The pathological hallmark of many neurodegenerative diseases is the accumulation of characteristic proteinaceous aggregates. Parkinson’s disease and dementia with Lewy bodies can be characterized as synucleinopathies due to the abnormal accumulation of the protein alpha-synuclein (α-Syn). Studies have shown amyloidogenic proteins such as α-Syn and tau can exist as polymorphic aggregates, a theory widely studied mostly in their fibrillar morphology. It is now well understood that an intermediate state of aggregates, oligomers, are the most toxic species. We have shown α-Syn, when modified by different physiological inducers, result in distinct oligomeric conformations of α-Syn. Polymorphic α-Syn oligomers exhibit distinct properties such as aggregate size, conformation, and differentially interact with tau. In this study, we confirm α-Syn oligomeric polymorphs furthermore using in-house novel α-Syn toxic conformation monoclonal antibodies (SynTCs). It is unclear the biological relevance of α-Syn oligomeric polymorphisms. Utilizing a combination of biochemical, biophysical, and cell-based assays, we characterize α-Syn oligomeric polymorphs. We found α-Syn oligomeric polymorphs exhibit distinct immunoreactivity and SynTCs exhibit differential selectivity and binding affinity for α-Syn species. Isothermal titration calorimetry experiments suggest distinct α-Syn:SynTC binding enthalpies in a species-specific manner. Additionally, we found SynTCs differentially reduce α-Syn oligomeric polymorph-mediated neurotoxicity and propagation in primary cortical neurons in a polymorph-specific manner. These studies demonstrate the biological significance of polymorphic α-Syn oligomers along with the importance of polymorph-specific antibodies that target toxic α-Syn aggregates. Monoclonal antibodies that can target the conformational heterogeneity of α-Syn oligomeric species and reduce their mediated toxicity have promising immunotherapeutic potential.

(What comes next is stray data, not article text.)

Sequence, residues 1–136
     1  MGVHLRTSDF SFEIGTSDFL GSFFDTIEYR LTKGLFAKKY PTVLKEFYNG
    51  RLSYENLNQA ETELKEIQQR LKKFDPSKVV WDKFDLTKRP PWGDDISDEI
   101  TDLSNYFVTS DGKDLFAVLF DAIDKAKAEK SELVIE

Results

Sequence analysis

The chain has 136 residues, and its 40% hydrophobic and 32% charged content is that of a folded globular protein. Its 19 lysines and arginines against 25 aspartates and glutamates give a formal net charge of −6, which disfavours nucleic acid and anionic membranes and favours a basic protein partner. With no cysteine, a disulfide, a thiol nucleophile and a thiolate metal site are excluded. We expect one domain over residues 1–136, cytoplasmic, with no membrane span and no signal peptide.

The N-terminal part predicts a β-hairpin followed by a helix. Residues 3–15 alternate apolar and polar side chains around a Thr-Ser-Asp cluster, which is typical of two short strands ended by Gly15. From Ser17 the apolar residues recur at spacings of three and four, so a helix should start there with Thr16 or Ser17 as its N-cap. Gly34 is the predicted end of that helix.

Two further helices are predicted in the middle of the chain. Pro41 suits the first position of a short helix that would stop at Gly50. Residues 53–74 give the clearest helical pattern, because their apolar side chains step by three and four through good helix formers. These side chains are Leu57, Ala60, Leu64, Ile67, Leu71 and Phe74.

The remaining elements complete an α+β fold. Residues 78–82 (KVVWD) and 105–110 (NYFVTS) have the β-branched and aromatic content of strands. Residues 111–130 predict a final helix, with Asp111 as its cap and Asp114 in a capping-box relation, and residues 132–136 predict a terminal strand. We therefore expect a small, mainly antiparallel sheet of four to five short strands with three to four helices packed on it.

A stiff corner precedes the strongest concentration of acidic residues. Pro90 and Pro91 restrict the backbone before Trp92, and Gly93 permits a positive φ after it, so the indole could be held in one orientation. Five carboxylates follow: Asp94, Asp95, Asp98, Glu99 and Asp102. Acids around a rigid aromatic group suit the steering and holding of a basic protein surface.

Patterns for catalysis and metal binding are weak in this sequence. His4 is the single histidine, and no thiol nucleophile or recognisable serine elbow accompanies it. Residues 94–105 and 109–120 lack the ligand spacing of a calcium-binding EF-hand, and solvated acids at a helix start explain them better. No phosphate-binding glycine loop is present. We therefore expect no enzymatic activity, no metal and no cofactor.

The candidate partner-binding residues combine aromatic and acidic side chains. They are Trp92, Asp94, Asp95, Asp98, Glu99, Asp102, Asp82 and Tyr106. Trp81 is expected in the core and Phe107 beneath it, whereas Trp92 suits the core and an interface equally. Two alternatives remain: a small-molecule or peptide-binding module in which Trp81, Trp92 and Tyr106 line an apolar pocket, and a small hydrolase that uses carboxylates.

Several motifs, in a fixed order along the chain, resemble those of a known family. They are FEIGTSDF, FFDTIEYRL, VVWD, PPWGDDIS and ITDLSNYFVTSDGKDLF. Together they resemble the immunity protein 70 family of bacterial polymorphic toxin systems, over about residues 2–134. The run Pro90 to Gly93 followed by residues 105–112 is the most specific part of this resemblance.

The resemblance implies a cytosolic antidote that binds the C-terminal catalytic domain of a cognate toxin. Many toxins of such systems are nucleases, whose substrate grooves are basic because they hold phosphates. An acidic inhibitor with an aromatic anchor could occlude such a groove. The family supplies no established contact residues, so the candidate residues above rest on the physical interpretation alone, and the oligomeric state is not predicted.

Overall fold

- Monoclonal antibodies
- Protein aggregation
ASJC Scopus subject areas
- Cellular and Molecular Neuroscience